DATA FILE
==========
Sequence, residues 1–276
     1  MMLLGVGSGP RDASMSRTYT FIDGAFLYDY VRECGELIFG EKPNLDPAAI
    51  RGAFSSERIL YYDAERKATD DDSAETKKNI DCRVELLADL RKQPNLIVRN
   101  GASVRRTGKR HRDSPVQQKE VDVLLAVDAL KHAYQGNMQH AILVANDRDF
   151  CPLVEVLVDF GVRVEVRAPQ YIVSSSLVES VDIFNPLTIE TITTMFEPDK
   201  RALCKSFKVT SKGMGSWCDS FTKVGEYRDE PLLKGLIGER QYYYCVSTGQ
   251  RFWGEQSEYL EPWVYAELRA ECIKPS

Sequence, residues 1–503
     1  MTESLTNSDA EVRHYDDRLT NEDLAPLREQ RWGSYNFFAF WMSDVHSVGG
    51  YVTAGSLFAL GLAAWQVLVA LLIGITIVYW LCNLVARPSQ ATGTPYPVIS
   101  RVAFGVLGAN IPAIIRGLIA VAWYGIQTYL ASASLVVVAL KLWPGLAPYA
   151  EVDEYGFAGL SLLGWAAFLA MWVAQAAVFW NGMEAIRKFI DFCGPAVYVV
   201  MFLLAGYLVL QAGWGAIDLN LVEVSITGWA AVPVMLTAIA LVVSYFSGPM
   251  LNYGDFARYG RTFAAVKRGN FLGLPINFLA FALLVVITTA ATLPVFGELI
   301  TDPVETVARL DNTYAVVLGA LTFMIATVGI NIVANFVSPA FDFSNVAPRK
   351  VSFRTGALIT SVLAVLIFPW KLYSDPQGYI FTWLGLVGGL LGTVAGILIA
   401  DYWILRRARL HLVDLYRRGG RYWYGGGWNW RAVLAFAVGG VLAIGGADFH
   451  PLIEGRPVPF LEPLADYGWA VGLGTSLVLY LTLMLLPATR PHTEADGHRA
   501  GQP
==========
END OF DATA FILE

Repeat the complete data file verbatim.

Sequence, residues 1–276
     1  MMLLGVGSGP RDASMSRTYT FIDGAFLYDY VRECGELIFG EKPNLDPAAI
    51  RGAFSSERIL YYDAERKATD DDSAETKKNI DCRVELLADL RKQPNLIVRN
   101  GASVRRTGKR HRDSPVQQKE VDVLLAVDAL KHAYQGNMQH AILVANDRDF
   151  CPLVEVLVDF GVRVEVRAPQ YIVSSSLVES VDIFNPLTIE TITTMFEPDK
   201  RALCKSFKVT SKGMGSWCDS FTKVGEYRDE PLLKGLIGER QYYYCVSTGQ
   251  RFWGEQSEYL EPWVYAELRA ECIKPS

Sequence, residues 1–503
     1  MTESLTNSDA EVRHYDDRLT NEDLAPLREQ RWGSYNFFAF WMSDVHSVGG
    51  YVTAGSLFAL GLAAWQVLVA LLIGITIVYW LCNLVARPSQ ATGTPYPVIS
   101  RVAFGVLGAN IPAIIRGLIA VAWYGIQTYL ASASLVVVAL KLWPGLAPYA
   151  EVDEYGFAGL SLLGWAAFLA MWVAQAAVFW NGMEAIRKFI DFCGPAVYVV
   201  MFLLAGYLVL QAGWGAIDLN LVEVSITGWA AVPVMLTAIA LVVSYFSGPM
   251  LNYGDFARYG RTFAAVKRGN FLGLPINFLA FALLVVITTA ATLPVFGELI
   301  TDPVETVARL DNTYAVVLGA LTFMIATVGI NIVANFVSPA FDFSNVAPRK
   351  VSFRTGALIT SVLAVLIFPW KLYSDPQGYI FTWLGLVGGL LGTVAGILIA
   401  DYWILRRARL HLVDLYRRGG RYWYGGGWNW RAVLAFAVGG VLAIGGADFH
   451  PLIEGRPVPF LEPLADYGWA VGLGTSLVLY LTLMLLPATR PHTEADGHRA
   501  GQP